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  21.  48
    Beyond Verbal Disputes: The Compatibilism Debate Revisited.Peter Schulte - 2014 - Erkenntnis 79 (3):669-685.
    The compatibilism debate revolves around the question whether moral responsibility and free will are compatible with determinism. Prima facie, this seems to be a substantial issue. But according to the triviality objection, the disagreement is merely verbal: compatibilists and incompatibilists, it is maintained, are talking past each other, since they use the terms “free will” and “moral responsibility” in different senses. In this paper I argue, first, that the triviality objection is indeed a formidable one and that the standard replies (...)
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  22.  69
    Nonsense and Illusions of Thought.Herman Cappelen - 2013 - Philosophical Perspectives 27 (1):22-50.
    This paper addresses four issues: 1. What is nonsense? 2. Is nonsense possible? 3. Is nonsense actual? 4. Why do the answers to (1)–(3) matter, if at all? These are my answers: 1. A sentence (or an utterance of one) is nonsense if it fails to have or express content (more on ‘express’, ‘have’, and ‘content’ below). This is a version of a view that can be found in Carnap (1959), Ayer (1936), and, maybe, the early Wittgenstein (1922). The notion (...)
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  23.  51
    Think Twice, It's All Right: Animalism, Disunity and the Self.Alexander Geddes - 2013 - Proceedings of the Aristotelian Society 113 (3pt3):371-380.
    According to animalism, each of us is numerically identical to a human animal. Disunity cases—cases in which a human animal lacks some form of mental unity—are often thought to pose a problem for animalism. Tim Bayne (2010) has recently offered some novel arguments against animalism based on one particular disunity case, namely Cerberus: a single animal with two heads, each housing its own stream of consciousness. I show that Bayne's arguments are flawed, and that animalism is capable of handling the (...)
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  24. Metaphysically Reductive Causation.Ned Hall & L. A. Paul - 2013 - Erkenntnis 78 (1):9-41.
    There are, by now, many rival, sophisticated philosophical accounts of causation that qualify as ‘metaphysically reductive’. This is a good thing: these collective efforts have vastly improved our understanding of causation over the last 30 years or so. They also put us in an excellent position to reflect on some central methodological questions: What exactly is the point of offering a metaphysical reduction of causation? What philosophical scruples ought to guide the pursuit of such a reduction? Finally, how should answers (...)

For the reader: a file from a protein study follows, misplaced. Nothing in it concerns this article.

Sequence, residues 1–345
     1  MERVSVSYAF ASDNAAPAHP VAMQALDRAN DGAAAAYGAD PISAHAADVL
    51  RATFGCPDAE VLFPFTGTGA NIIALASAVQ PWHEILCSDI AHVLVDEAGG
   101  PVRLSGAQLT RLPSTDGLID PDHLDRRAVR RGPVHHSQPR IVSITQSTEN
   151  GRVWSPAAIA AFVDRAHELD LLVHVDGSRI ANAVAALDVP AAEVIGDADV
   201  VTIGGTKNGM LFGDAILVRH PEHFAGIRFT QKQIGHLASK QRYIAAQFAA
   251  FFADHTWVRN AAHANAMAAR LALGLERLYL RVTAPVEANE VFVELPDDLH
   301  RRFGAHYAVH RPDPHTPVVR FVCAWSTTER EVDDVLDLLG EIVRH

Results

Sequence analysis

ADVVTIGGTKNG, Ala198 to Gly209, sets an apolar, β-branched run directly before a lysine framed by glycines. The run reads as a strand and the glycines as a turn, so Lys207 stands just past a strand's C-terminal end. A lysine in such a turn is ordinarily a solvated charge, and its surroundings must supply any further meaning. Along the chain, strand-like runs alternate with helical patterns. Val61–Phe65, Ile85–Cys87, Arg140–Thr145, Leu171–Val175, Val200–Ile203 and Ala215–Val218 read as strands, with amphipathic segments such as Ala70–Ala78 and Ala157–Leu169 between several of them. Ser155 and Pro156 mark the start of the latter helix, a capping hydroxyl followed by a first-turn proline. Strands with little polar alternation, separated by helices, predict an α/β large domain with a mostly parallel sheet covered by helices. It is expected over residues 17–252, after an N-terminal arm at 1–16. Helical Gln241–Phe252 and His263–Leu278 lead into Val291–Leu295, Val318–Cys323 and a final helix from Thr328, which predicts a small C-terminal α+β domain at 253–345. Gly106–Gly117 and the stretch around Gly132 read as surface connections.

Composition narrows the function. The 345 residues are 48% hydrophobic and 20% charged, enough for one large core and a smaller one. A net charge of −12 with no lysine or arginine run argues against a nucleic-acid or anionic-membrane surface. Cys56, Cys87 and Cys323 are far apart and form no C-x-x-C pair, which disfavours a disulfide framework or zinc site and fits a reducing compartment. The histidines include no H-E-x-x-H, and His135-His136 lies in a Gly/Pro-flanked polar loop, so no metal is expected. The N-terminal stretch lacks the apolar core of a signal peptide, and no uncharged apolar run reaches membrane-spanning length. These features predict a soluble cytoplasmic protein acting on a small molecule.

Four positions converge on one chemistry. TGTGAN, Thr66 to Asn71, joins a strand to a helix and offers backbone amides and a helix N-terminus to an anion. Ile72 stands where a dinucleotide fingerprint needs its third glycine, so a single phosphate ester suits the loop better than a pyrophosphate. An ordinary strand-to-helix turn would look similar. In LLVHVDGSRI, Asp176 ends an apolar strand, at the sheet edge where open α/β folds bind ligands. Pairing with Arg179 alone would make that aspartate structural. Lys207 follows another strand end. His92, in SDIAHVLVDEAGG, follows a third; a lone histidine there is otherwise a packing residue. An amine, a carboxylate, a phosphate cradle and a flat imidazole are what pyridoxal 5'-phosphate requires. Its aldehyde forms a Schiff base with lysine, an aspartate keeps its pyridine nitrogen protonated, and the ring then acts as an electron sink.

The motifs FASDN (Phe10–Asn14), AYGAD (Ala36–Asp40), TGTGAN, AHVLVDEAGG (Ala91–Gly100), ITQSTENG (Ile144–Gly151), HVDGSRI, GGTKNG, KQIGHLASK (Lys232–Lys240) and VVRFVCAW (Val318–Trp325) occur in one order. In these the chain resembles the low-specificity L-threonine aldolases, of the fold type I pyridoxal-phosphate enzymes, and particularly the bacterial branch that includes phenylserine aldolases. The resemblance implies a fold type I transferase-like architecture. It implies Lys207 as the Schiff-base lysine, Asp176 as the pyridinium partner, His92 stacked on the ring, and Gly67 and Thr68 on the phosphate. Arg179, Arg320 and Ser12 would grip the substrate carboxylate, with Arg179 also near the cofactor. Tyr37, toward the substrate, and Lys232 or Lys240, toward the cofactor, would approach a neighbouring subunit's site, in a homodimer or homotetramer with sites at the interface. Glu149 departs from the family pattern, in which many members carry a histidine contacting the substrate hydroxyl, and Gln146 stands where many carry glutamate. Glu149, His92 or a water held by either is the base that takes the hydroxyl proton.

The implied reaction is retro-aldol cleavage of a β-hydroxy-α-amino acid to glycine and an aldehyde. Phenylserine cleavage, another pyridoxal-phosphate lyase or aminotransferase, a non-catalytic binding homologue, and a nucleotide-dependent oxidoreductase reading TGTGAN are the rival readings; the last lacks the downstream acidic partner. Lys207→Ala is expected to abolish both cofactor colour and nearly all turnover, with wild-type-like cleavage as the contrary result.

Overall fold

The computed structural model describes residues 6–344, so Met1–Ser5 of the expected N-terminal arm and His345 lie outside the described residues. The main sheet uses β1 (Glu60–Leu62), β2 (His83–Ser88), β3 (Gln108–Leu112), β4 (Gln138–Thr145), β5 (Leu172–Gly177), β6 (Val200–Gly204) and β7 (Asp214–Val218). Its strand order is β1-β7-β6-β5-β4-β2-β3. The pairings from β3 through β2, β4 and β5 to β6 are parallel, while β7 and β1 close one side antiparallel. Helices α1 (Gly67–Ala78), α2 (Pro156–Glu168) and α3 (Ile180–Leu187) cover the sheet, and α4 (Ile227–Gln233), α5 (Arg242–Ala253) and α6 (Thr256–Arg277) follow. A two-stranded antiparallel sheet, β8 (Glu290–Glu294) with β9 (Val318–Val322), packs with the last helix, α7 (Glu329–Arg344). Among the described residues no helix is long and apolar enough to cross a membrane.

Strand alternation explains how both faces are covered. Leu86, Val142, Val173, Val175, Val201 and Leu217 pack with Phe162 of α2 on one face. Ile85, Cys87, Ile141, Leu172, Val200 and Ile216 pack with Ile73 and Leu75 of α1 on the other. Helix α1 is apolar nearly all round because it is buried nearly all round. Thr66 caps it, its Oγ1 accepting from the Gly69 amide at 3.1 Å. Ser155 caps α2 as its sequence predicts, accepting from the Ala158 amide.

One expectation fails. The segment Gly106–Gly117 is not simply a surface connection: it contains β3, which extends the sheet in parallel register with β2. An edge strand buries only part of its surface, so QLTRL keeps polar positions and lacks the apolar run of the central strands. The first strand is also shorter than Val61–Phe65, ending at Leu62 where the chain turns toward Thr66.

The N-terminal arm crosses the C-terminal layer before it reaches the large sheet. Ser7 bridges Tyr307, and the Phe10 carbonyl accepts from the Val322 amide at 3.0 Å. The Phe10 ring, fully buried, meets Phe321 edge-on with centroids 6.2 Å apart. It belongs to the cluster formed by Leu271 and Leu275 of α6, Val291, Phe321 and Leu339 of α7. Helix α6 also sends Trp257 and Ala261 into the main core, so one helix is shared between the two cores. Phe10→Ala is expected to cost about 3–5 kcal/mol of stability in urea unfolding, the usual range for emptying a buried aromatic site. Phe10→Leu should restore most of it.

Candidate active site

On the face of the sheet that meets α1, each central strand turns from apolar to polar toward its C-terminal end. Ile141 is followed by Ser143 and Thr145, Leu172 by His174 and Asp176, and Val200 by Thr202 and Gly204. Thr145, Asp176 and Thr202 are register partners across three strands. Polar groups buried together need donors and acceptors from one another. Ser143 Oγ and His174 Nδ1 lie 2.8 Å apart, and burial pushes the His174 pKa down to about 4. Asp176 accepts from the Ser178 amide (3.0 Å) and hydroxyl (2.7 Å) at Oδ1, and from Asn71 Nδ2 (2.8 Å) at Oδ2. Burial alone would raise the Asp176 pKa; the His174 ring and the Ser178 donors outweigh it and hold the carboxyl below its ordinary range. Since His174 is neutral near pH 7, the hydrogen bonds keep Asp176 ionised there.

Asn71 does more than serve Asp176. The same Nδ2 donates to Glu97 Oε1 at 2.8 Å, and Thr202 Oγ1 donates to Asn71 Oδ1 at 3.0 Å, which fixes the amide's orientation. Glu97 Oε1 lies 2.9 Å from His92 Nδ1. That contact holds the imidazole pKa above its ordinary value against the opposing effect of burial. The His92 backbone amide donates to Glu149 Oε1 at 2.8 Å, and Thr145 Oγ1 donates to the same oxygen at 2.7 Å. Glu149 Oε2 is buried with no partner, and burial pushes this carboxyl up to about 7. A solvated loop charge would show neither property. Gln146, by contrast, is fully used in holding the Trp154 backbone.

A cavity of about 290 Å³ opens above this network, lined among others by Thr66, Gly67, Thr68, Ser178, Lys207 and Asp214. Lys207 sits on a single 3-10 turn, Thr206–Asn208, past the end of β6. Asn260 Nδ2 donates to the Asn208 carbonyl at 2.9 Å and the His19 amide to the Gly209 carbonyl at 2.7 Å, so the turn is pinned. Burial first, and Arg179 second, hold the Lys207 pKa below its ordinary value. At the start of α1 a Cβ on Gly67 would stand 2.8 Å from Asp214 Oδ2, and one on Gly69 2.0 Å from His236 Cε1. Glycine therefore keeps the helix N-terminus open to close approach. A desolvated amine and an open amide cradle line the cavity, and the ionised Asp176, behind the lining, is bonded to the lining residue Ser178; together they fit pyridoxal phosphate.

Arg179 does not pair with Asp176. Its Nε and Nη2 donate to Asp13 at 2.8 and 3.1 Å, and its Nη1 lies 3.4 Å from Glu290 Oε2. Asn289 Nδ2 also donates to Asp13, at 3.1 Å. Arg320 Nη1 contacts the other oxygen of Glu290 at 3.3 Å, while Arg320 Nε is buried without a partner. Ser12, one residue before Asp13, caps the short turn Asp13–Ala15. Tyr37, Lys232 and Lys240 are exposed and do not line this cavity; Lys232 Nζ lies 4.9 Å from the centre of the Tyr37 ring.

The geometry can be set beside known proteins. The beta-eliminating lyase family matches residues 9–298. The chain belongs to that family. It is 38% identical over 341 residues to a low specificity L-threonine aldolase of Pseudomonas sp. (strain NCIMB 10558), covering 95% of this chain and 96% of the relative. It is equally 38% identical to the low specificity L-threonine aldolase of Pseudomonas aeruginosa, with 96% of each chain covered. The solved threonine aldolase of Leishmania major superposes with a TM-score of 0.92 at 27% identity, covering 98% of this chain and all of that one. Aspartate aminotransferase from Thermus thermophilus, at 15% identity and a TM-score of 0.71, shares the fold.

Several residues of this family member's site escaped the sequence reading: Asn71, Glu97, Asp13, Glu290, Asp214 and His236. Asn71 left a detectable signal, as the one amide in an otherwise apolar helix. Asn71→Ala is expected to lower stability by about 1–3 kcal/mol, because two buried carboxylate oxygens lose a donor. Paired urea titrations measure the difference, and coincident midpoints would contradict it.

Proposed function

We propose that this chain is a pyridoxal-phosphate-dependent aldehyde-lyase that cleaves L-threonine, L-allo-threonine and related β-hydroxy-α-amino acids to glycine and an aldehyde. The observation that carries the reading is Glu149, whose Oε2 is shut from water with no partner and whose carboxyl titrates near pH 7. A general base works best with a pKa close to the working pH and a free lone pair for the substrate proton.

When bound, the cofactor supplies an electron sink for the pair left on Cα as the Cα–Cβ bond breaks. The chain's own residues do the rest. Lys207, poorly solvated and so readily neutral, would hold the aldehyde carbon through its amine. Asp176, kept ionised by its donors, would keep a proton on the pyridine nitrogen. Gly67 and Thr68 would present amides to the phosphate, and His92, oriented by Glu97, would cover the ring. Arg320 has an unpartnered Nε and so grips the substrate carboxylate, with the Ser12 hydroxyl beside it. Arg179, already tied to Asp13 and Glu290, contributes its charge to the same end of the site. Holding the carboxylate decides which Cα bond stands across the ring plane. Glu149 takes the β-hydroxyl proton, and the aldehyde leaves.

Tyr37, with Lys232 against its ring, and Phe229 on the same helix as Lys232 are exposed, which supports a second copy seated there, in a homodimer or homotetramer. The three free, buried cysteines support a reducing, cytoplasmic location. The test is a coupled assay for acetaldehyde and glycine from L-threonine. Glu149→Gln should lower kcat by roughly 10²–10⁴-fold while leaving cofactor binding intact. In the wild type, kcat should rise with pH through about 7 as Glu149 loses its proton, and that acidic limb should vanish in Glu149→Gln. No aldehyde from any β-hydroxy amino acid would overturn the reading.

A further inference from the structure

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  25. Disagreement in Scientific Ontologies.David Ludwig - 2013 - Journal for General Philosophy of Science / Zeitschrift für Allgemeine Wissenschaftstheorie (1):1-13.
    The aim of this article is to discuss the nature of disagreement in scientific ontologies in the light of case studies from biology and cognitive science. I argue that disagreements in scientific ontologies are usually not about purely factual issues but involve both verbal and normative aspects. Furthermore, I try to show that this partly non-factual character of disagreement in scientific ontologies does not lead to a radical deflationism but is compatible with a “normative ontological realism.” Finally, I argue that (...)
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  26.  28
    Dworkin's Interpretivism and the Pragmatics of Legal Disputes.David Plunkett & Timothy Sundell - 2013 - Legal Theory 19 (3):242-281.
    One of Ronald Dworkin's most distinctive claims in legal philosophy is that law is an interpretative concept, a special kind of concept whose correct application depends neither on fixed criteria nor on an instance-identifying decision procedure but rather on the normative or evaluative facts that best justify the total set of practices in which that concept is used. The main argument that Dworkin gives for interpretivism about some conceptis a disagreement-based argument. We argue here that Dworkin's disagreement-based argument relies on (...)
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  27.  19
    A Positivist Route for Explaining How Facts Make Law.David Plunkett - 2012 - Legal Theory 18 (2):139-207.
    In “How Facts Make Law” and other recent work, Mark Greenberg argues that legal positivists cannot develop a viable constitutive account of law that meets what he calls the “the rational-relation requirement.” He argues that this gives us reason to reject positivism in favor of antipositivism. In this paper, I argue that Greenberg is wrong: positivists can in fact develop a viable constitutive account of law that meets the rational-relation requirement. I make this argument in two stages. First, I offer (...)
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  28. The Mental Lives of Zombies.Declan Smithies - 2012 - Philosophical Perspectives 26 (1):343-372.
    Could there be a cognitive zombie – that is, a creature with the capacity for cognition, but no capacity for consciousness? Searle argues that there cannot be a cognitive zombie because there cannot be an intentional zombie: on this view, there is a connection between consciousness and cognition that is derived from a more fundamental connection between consciousness and intentionality. However, I argue that there are good empirical reasons for rejecting the proposed connection between consciousness and intentionality. Instead, I argue (...)